Sentiment analysis and reputation management
Sentiment analysis involves identifying content related to a topic and identifying the emotion connected to that content. In a sport context, sentiment analysis could involve determining if newspapers are providing positive or negative coverage of a team. In a social media context, sentiment analysis would involve determining attitudes being expressed on Twitter in individual tweets.
Sterne (2010) suggests that content being ReTweeted on Twitter can be seen as a tool to measure positive sentiment. Sterne (2010) suggests that the ratio of follows/followers is not an effective tool for measuring sentiment on Twitter.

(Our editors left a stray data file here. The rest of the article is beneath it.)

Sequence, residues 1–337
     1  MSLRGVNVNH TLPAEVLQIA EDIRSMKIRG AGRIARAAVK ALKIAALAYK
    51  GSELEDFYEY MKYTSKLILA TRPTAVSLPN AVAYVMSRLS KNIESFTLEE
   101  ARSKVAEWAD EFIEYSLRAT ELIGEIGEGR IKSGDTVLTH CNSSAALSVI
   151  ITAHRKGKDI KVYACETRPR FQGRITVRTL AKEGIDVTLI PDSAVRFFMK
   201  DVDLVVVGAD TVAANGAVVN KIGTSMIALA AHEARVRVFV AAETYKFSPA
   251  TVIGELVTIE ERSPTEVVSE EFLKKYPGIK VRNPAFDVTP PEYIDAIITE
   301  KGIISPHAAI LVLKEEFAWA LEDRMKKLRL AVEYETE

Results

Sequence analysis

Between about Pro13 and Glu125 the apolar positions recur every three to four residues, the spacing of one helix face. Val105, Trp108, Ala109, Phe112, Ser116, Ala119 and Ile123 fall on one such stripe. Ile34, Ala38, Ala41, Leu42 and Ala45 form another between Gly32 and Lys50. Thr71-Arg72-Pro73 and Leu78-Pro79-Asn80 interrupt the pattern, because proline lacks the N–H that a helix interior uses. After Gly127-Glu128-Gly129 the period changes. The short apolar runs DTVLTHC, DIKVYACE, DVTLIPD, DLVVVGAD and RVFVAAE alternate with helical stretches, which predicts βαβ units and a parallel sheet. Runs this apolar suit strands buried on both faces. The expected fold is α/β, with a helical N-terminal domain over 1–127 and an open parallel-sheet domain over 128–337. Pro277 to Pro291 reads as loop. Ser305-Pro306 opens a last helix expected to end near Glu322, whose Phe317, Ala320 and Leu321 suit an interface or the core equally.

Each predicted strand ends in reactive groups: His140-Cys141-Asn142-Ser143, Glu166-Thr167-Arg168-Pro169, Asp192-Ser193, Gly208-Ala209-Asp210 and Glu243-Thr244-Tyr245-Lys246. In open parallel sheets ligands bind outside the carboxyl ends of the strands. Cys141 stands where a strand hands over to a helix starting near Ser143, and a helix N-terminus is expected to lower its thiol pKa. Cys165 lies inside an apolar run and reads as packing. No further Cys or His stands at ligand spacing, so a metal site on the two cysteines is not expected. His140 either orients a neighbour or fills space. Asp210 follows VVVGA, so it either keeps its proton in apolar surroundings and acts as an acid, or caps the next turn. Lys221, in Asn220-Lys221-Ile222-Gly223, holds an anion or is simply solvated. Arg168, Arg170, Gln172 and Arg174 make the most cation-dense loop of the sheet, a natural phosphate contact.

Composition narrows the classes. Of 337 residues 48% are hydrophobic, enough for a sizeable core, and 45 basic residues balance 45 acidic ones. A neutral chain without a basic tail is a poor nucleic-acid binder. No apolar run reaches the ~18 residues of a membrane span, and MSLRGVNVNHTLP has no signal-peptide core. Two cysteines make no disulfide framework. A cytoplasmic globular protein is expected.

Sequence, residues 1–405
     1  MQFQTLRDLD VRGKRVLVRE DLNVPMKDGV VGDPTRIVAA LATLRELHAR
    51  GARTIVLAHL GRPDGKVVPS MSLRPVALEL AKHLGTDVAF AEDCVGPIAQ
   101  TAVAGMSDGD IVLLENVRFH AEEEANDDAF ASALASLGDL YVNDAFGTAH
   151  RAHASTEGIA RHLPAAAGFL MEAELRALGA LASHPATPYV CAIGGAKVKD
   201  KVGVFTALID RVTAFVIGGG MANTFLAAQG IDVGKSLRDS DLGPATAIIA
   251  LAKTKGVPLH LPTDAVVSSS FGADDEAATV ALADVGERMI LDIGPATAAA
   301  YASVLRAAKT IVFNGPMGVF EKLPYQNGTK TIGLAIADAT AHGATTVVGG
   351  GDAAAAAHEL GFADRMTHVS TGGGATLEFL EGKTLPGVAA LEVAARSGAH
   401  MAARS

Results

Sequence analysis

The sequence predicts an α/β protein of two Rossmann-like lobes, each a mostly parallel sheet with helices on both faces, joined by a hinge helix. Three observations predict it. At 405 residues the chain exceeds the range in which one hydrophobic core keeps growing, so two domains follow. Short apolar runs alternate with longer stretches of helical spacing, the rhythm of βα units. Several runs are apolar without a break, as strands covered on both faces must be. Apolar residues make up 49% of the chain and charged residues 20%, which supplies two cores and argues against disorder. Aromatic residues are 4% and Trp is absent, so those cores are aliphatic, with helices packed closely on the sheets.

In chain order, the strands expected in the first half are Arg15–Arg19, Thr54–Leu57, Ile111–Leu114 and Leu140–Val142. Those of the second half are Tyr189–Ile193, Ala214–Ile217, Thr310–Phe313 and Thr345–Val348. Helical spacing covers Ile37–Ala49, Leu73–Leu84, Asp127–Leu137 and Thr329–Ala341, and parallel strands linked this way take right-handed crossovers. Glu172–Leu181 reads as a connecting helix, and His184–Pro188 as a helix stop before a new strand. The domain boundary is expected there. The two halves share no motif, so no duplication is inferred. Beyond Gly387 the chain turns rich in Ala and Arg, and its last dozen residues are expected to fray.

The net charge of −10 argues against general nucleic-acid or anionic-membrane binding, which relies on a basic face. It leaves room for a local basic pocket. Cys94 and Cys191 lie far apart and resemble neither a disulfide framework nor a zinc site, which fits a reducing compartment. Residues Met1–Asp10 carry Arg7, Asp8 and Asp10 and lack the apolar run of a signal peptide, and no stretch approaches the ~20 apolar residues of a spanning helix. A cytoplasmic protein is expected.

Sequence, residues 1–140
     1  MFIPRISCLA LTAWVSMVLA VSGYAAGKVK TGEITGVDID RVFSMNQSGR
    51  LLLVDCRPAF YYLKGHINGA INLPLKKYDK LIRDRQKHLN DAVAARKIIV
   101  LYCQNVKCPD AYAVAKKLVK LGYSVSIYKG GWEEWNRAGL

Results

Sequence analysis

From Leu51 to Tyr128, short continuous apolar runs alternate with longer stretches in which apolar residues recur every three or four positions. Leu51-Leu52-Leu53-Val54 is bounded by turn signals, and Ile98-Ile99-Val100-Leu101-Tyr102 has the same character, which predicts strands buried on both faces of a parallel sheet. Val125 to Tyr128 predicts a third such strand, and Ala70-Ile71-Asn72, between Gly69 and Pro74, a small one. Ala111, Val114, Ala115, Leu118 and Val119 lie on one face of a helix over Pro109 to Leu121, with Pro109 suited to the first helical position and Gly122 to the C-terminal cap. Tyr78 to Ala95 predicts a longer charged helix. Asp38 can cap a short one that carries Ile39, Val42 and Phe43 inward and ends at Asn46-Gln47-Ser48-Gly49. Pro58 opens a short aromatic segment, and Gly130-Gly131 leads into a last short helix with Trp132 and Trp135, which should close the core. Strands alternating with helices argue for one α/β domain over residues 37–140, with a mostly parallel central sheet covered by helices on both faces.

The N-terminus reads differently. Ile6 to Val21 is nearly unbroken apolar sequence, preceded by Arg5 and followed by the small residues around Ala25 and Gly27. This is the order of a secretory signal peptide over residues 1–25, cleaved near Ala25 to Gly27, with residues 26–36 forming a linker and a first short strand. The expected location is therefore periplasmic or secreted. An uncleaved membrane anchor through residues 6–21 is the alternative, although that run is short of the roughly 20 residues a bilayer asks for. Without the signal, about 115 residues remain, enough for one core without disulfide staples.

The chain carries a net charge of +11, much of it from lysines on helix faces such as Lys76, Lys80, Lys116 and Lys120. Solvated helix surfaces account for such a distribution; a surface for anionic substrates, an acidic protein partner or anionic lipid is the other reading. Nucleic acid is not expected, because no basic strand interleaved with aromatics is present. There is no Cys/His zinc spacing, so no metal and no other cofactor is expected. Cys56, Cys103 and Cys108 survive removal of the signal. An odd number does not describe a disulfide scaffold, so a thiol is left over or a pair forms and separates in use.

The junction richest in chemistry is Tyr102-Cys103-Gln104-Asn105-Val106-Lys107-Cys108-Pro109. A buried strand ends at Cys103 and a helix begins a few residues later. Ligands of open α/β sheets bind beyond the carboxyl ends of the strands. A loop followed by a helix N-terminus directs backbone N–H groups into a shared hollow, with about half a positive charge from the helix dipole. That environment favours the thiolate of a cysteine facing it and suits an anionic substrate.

Content analysis involves looking at the individual components of something larger and analyzing it. In a social media context, the content could be comments on a Facebook fanpage, or all the tweets made by a person or group.
With content analysis, the researcher views data as “data as representation not of physical events but of texts, images and expressions that are created to be seen, read, interpreted, and acted on for their meanings, and therefore be analyzed with such uses in mind.” (Krippendorff 2007) Krippendorff (2007) defines the basic methodology used in content analysis as unitizing, sampling, recording, reducing, inferring, and narrating.
Interaction and collaboration analysis,